AUSTIN, Texas (AP) — A West Texas congressional district sprawls 58,000-plus square miles and two time zones, from San Antonio to just outside El Paso. Yet neither the Republican who represents it nor the Democrat trying to reclaim the seat actually lives there.
The home of first-term Republican Rep. Will Hurd, 39, is in the San Antonio suburb of Helotes, just outside the borders of a district that is larger in land area than 29 states.
The challenger, former Rep. Pete Gallego, lists his official address as the remote town of Alpine inside the district. One of the properties his family owns there — a boarded up home and former cafe site — was recently slapped with a sign declaring it a "dangerous" violation of Alpine safety codes. Gallego has declined to say if he lives at one of the others.
Gallego, 54, keeps a San Antonio apartment that's his base while campaigning, while his wife, Maria Elena Ramon, and 11-year-old son Nicolas live 80 miles north of San Antonio in Austin. Contracts show Gallego worked as a city lobbyist there as recently as the summer of 2015.
Federal candidates aren't required to live in the district where they run for office, and districts represented by members of Congress who reside elsewhere are fairly common throughout the country. But few districts nationwide are as large as the one Hurd and Gallego are contesting.
Conservative Texas activists have sometimes tried to make living outside a congressional district an issue. GOP primary challenger and Dallas-area tea party organizer Katrina Pierson, now a national spokeswoman for Donald Trump's presidential campaign, accused longtime Republican Rep. Pete Sessions of it in 2014. That charge didn't stick and Sessions trounced Pierson. Hurd faced no serious primary challenger this cycle.
"You can't really make the argument that Will doesn't live in the district, either. He's in San Antonio all the time when he's away from Washington," said Hurd campaign manager Justin Hollis.
A former Texas A&M student body president, Hurd spent nine years with the CIA in India, New York, Afghanistan and Pakistan before returning to Texas. Hurd's house in Helotes was part of the district when he first ran for Congress and lost in the Republican primary in 2010, Hollis said, and now is "less than 100 yards" outside it according to more-recent redistricting maps.
Asked why Hurd hasn't moved into the district since, Hollis said it was a moot point because the congressman "lives a stone's throw away."
The race is the only competitive one among Texas' 36 congressional districts. Hurd unseated Gallego two years ago by 2,422 votes out of more than 115,000 cast. Gallego is hoping that Trump's harsh immigration rhetoric and promises to build a wall the length of the U.S.-Mexico border can boost him in a district that's nearly 70 percent Hispanic and features 800-plus miles of Texas-Mexico border. Hurd counters that voters care more about issues like national security than about having Trump's name topping the GOP ticket.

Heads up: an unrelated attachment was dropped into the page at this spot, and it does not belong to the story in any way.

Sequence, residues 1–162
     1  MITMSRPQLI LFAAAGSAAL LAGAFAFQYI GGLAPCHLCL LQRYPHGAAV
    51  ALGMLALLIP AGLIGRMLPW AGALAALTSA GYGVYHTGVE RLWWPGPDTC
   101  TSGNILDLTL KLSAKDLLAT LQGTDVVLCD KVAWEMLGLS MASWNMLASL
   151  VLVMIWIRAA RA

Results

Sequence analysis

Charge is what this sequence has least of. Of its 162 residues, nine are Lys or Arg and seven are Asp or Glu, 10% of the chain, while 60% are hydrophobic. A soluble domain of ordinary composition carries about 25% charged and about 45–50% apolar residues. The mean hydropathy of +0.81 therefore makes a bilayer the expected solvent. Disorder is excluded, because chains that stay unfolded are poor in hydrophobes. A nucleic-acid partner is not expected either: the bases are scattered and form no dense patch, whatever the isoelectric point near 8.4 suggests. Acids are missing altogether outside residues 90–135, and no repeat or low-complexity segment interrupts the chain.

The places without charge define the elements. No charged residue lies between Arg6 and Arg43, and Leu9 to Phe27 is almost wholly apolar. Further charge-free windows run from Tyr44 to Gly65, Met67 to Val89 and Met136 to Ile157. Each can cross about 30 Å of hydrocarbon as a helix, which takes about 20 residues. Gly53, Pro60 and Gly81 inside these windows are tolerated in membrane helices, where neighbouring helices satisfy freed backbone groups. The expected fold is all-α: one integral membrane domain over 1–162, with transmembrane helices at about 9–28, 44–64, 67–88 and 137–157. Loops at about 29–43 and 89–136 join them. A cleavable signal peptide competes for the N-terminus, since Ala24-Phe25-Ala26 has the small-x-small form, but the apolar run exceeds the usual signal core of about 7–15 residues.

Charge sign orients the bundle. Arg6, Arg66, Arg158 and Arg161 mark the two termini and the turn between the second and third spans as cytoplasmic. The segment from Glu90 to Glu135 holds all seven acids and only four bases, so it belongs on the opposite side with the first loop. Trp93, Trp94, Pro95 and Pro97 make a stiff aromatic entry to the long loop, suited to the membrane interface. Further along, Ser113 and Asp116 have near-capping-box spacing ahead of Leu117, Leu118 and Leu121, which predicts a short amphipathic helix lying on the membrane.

Gallego says his family's Austin home is an investment property that his wife owns separately. Prior to his first congressional run in 2012, Gallego spent 22 years in the Texas Legislature. Although it meets in Austin, he kept a residence in Alpine because of a mandate in the state constitution that legislators live in the districts they represent.
"Alpine has been and always will be home," Gallego said in a statement to The Associated Press. "Like many West Texans, my jobs have required me to travel. And, like many families, we've balanced two careers with raising a family."
Asked about lobbying for the city of Austin, his campaign responded only that Gallego has "done legal work for various clients."
Alpine is a picturesque town 375 miles west of San Antonio where the cowboy culture and high desert mountain-dotted vistas seem straight out of a Hollywood western. Gallego was born and raised there and county records show he and his parents own several local properties, but Gallego avoided questions about where he resides while in town.
Both candidates' out-of-district residency may not mean much in a part of Texas that takes pride in just how empty it is. Featuring expansive pastureland, the district is listed by the U.S. Census Bureau as 99.5 percent rural, even though it includes swaths of San Antonio.
"The remoteness is the charm," said Tonya Tiday, assistant director of the Alpine Chamber of Commerce. She said Gallego's family name has long resonated in close-knit Alpine, but how much time he actually spends in town isn't a major concern.
"The sense of community is different than other places," Tiday said. "It's the reason you'll never see a Wal-Mart out here."